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4 - Ionization chamber prototypes

A project log for Open Radiation Detector

Quickly identify radioactive materials with a pocket-sized ion chamber. Built from standard parts for easy manufacture and low cost.

Carlos Garcia SauraCarlos Garcia Saura 10/08/2017 at 11:060 Comments

Spark detectors, as well as Geiger counters, require of very high voltages to operate. These must be avoided in order to achieve a simple detector circuit. Dropping the requirement for a high voltage would be more safe and need less power to operate.

Ionization chambers are the solution to this problem. Rather than generating sparks or discharge pulses, they use a low voltage to separate the ions created when high energy particles interact with a gas (air, in our case). These tiny ion currents are then measured with a very simple amplifier circuit.

There is a long history of detectors based on ion chambers. They have already been used in professional radiation monitoring equipment, and moreover, many hobbyists have come up with very simple designs that can be built at home. Check out this website to learn more about DIY ion chamber radiation detectors: http://www.techlib.com/science/ion.html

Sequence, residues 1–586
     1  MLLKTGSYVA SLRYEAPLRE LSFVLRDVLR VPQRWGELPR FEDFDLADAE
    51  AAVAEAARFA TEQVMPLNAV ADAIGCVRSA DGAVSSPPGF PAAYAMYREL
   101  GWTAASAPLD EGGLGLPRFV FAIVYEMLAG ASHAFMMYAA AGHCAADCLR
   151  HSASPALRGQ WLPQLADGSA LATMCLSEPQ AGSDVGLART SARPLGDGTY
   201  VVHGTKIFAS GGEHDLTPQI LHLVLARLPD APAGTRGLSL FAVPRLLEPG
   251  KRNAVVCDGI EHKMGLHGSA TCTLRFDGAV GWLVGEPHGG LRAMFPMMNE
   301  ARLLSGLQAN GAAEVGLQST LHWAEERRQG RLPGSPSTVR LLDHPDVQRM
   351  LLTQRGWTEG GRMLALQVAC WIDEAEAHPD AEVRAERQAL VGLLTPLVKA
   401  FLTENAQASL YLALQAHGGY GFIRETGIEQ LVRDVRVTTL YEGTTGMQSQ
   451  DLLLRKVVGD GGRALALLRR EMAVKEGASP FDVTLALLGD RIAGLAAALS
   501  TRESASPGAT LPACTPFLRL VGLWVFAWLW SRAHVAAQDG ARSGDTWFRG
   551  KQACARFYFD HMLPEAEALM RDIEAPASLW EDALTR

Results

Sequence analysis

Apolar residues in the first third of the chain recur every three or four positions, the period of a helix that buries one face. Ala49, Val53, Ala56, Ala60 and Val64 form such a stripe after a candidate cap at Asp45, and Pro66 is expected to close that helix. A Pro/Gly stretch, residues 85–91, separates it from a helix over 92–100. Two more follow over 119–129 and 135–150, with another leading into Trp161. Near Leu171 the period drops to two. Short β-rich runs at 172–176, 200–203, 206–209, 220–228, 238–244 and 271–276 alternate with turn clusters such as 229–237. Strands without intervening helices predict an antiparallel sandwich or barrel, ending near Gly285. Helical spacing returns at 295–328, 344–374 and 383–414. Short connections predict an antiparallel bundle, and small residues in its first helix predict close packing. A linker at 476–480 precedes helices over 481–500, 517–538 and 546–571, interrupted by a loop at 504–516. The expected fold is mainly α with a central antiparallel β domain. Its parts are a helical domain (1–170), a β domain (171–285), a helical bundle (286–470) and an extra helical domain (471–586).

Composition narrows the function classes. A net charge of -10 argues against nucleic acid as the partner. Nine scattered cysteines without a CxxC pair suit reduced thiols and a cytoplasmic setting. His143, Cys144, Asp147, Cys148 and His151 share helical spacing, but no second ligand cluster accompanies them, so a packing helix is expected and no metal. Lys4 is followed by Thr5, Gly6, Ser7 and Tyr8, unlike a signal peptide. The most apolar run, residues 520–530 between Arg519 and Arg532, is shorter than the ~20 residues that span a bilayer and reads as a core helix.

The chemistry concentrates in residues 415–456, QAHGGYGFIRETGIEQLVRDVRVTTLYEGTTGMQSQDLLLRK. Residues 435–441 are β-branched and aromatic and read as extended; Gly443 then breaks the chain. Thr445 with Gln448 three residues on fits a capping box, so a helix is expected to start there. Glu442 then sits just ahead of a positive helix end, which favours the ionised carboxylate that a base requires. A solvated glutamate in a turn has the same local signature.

The simplicity and high sensitivity of ion chamber detectors makes them ideally suited for this project.

Our first iteration used the same layout as the "spark detector attempt" we showed in log entry 3.

Instead of applying a high voltage that causes sparks, using it as a ionization chamber means we applied a low potential (12V) and measured the tiny ion currents induced by radiation.

This design did NOT work because there is only a tiny volume of air between the electrodes, and plenty of leakage between the "finger plates" as contact surfaces are large.

The second iteration started as a very ugly prototype that we are not going to mention again:

Let's focus on the "pretty" prototypes instead.

The idea behind the new design is as follows:

An electric field is created between the electrode plate and the outer case. The ionized air is attracted by the electrodes, and a current can be measured. These ion-induced currents are proportional to the amount of radiation present.

The interesting thing about this approach is that it uses a printed circuit board as part of the sensing element. This is the key to reduce manufacture costs.

The third iteration was built with a commercially available circuit shield. It also incorporated a ground plane behind the electrode to reduce the effect of static electricity over the measurement.

This prototype actually worked!!

Bringing a radiation source near the detector generated a voltage on the multimeter:

The first success was very rewarding - it proved that we were on the right track!

For the next log entry we will review the amplifier circuit and the long term effect of temperature in the detector.

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